Transportation is no longer just about moving large numbers of cars in the shortest amount of time or improving the efficiency of public transit systems—the focal point of discussions have turned to equity, health, access, and social justice. Broadening the transportation landscape by considering additional modes and dimensions that are found in urban design, health, and psychology recognizes the importance that transportation systems play in daily lives of people worldwide1. The need to rethink the composition of the sector, its priorities, operations, and performance has been magnified by the two global events: the ongoing climate crisis and the COVID-19 pandemic. Transportation has long been one of the main contributing sectors to climate change, in the United States it accounts for approximately 30 percent of greenhouse gasses2,3. While transportation-related emissions and the need to decarbonize the sector are central to achieving Paris Agreement goals4,5, the COVID-19 pandemic has been a major disruptor, fundamentally changing how the transport system is perceived, affecting daily commutes, and encouraging many users to try alternate, and often non-motorized, transportation modes6,7,8,9.

In recent years, the shift to cycling has gained a substantial attention in research and practice6. Even before the pandemic, research pointed to the many virtues of non-motorized options like walking, cycling, and other micromobility modes as options to increase transport efficiency and reduce emissions5,10 Buehler and Pucher6 examined these trends during the pandemic over time and by location, and concluded that there had been considerable variation in the percentage changes in cycling levels between 2019 and 2020 among EU countries as well as among regions in the U.S. By comparing both full years, including periods of lockdown in 2020, they found that the 11 EU countries averaged an overall 8 percent increase in cycling while the U.S. averaged 16 percent increase.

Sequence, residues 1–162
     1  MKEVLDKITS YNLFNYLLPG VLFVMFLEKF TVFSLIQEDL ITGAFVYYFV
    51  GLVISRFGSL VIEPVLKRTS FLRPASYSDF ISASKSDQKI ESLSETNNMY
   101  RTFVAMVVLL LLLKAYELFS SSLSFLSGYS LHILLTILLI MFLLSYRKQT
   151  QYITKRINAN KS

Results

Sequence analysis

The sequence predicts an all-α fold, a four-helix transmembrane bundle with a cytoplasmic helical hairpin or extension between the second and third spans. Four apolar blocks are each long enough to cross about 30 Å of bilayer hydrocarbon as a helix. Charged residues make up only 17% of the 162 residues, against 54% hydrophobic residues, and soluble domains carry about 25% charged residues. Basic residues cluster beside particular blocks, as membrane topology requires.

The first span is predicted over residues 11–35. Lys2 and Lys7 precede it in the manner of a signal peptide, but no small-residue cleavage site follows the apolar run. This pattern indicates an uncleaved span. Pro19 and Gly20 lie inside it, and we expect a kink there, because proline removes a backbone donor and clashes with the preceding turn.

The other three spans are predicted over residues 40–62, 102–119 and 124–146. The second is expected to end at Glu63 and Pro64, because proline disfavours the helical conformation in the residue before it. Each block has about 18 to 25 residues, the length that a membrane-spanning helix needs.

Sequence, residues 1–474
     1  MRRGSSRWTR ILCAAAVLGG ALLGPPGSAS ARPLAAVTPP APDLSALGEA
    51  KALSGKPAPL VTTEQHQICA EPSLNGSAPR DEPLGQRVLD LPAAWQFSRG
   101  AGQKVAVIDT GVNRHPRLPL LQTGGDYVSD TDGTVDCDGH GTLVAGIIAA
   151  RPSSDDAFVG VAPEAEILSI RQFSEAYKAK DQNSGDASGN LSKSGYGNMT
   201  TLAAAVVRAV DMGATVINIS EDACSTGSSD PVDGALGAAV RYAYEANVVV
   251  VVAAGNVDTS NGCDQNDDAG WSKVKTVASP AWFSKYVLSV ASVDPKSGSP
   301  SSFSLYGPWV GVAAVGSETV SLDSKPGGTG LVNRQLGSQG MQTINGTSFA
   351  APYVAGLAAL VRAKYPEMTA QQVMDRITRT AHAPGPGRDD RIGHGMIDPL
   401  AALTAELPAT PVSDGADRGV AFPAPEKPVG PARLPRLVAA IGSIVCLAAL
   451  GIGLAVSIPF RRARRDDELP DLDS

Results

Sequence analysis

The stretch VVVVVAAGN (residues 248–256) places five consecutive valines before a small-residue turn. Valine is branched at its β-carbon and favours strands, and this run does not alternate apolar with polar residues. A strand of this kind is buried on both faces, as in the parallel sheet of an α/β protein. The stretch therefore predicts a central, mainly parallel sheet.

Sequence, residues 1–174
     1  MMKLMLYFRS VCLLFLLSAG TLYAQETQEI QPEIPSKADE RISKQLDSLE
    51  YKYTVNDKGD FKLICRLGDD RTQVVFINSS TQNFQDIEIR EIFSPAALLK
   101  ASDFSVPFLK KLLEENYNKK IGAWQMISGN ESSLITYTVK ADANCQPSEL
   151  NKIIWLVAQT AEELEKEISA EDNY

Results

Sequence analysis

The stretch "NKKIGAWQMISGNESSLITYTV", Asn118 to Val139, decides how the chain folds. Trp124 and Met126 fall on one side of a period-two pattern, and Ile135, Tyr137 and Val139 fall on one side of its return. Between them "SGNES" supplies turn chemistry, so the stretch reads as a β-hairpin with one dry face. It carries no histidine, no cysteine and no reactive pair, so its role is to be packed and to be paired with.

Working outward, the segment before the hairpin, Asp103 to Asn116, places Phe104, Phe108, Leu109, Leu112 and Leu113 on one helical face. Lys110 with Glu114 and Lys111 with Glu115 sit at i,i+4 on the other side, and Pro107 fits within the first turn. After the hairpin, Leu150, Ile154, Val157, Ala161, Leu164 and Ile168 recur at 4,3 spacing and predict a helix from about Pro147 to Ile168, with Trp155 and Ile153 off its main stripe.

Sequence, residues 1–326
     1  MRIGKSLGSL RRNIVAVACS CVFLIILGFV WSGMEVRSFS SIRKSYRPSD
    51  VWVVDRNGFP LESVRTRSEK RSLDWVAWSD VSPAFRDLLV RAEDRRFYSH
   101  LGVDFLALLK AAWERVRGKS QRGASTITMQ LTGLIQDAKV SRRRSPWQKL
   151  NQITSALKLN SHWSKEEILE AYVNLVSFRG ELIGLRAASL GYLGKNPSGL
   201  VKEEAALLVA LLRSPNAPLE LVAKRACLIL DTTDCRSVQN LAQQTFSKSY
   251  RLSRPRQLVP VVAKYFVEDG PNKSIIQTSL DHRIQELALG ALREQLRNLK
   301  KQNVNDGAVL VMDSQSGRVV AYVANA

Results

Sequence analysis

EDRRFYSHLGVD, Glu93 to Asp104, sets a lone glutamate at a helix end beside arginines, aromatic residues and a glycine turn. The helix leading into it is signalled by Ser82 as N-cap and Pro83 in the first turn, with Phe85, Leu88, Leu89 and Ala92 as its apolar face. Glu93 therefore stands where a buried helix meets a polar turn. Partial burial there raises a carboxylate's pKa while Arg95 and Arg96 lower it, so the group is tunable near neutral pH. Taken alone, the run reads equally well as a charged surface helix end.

Research that addresses cycling and explores it in the context of public gains has found its benefits to include cost savings, savings on journey time, convenience, health, and perceived utility benefits to well-being11,12,13,14. Benefits also include improvements in the livability of cities and public health15. From an environmental perspective, numerous studies have highlighted the potential for cycling to reduce motor vehicle use and the associated external social costs that are imposed in terms of pollution, greenhouse gases, dirt, noise, and congestion14,16.

Past work has also stressed the relationship between cycling and the design of the active mobility infrastructure, and the ways in which transportation planning, policy, behavioral economics, and engineering fields might advance to best support the shift from auto-centric to human-centric designs7,17. With observed shifts toward human-centric transport, the growing need for human-centric designs and how they might support and encourage such shifts has begun to be explored in the literature6,18,19. However, comparatively little is known about the specifics responsible for human-centric shifts or how the underlying dynamics will affect potential changes in the future18. Studies of travel behavior in context of COVID-19 pandemic, which have to varying degrees explored shifts in cycling behavior, have found that factors such as age, education, gender, employment, household size, and car ownership were influential in determining cycling use17,19.